Alberto Tanus
Director General
Italika
/
Insight

Motorcycles: an Urban Mobility Option

Fri, 09/01/2017 - 14:15

Motorcycling in Mexico has not yet reached the popularity that dealerships hoped but it has been growing over the years. INEGI reported during the last quarter of 2016 that 2.2 million bikes were circulating on the streets. Although the market is not at its peak, the country’s top-selling brand, Italika, sees great potential just down the road. By targeting people whose habits are evolving toward new mobility alternatives and providing more affordable products, the company says it is on course to sell a million bikes, doubling its current yearly sales.

“We did not enter the market to take customers away from Honda, Yamaha or any other brand. We created our own market, developing the category in which we wanted to participate and increasing the overall audience for motorbikes,” says Alberto Tanus, Director General of Italika.

Italika established its manufacturing operations in Toluca for better market development and to speed up penetration, Tanus says, “but motorbike manufacturing still has room for development in the country.” Components of national origin are required for Italika to no longer depend on imports. The automotive industry already supplies motorbike assembly with a certain level of local content but in the motorcycle industry, there are areas of opportunity that have not been exploited, according to Tanus. “During the crisis of 2008, we tried using local automotive industry suppliers to take advantage of their production capacity but they were not familiar with our business, even though some parts of a motorcycle are similar to those of a car,” says Tanus. He suggests that it would be easy for several suppliers to cross over; tire makers for example could simply make different tire shapes and sizes with the same raw materials.

Tanus says motorcycles are gaining speed as an alternate mobility solution. “We are looking to give people access to their own means of transportation, allowing them to be more efficient while conducting their daily activities in a comfortable, reliable and fun way,” says Tanus. The company’s priority is to make customers feel confident that bikes will meet their transportation needs. Italika is specifically targeting people who want to leave either the traffic or public transport behind. Italika’s 500,000 motorcycles sold annually reflect demand for alternative transport that is not as costly as a car but gives the user more control, Tanus says.

However, motorbikes can be both a problem and a solution when talking about mobility, Tanus says, adding that various issues must be addressed for motorcycles to become a viable alternative. “Brands must promote better use of motorcycles in terms of safety, by providing active training.” When motorbike owners are in areas where they do not know the regional rule of law on bike use, they can become a hazard. These problems arise due to the user’s ignorance, which could be corrected with proper training.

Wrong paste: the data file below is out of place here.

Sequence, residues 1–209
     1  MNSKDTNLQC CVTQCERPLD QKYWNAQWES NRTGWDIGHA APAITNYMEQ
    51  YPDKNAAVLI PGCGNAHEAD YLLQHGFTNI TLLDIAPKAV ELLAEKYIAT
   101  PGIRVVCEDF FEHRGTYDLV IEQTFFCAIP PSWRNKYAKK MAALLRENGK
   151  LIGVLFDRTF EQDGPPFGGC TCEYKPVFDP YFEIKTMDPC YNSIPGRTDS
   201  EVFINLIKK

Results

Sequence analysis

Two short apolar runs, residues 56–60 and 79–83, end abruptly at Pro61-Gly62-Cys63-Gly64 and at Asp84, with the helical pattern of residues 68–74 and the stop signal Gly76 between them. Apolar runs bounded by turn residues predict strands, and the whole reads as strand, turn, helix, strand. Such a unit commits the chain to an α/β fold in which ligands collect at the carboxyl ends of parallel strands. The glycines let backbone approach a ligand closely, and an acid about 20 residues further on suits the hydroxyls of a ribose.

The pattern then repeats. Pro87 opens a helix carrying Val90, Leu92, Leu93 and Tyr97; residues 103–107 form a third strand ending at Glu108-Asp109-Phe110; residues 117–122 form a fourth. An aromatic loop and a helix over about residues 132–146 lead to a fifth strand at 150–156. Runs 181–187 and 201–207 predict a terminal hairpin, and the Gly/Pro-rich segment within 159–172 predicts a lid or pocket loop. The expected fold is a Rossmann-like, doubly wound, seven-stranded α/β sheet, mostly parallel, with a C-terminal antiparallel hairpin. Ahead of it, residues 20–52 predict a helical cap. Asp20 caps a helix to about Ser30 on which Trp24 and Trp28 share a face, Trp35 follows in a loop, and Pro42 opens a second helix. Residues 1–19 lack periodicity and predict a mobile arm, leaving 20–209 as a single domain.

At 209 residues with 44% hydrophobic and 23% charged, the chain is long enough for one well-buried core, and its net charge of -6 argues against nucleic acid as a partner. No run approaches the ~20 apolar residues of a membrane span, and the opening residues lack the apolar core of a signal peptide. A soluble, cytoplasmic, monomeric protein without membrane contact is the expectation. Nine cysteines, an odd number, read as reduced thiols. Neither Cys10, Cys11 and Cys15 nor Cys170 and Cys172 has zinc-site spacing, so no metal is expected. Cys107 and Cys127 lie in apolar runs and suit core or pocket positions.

Another inhibiting factor is the government. If the legal framework including Mexico City’s mobility law had welldefined incentives, motorbikes could become a mobility solution, Tanus says. “Cities should also have adequate parking for motorcycles, since units parked on the sidewalk obstruct pedestrians, posing another problem. Mexico’s car culture can cause further complications because when the police tow an illegally parked motorcycle, they rarely have the tools to do so properly and may damage the bike by removing it with equipment for towing a car.” Despite these issues, Italika is confident of driving its sales up. “The potential market of 1 million motorbikes per year is not an idea that can be discarded for those of us in the industry. In the longterm, motorbikes could be considered an excellent option for Mexican mobility.” Market growth is expected to remain constant and Tanus speaks of double-digit increases in sales. This will be derived from an expansion of the company’s distribution network and a wider range of models to extend Italika’s products to more consumers.

Italika already has 3,500 points of sale in the country, 200 of which are specialized distributors. The company also ventured into online sales in 2016, which accounts for 1 percent of its annual sales. “The fact that there is interest from the consumer so quickly tells us this sales outlet has great potential,” Tanus says. One sticking point is that delivery of online purchases requires a complex logistics process, with direct distribution from the plant.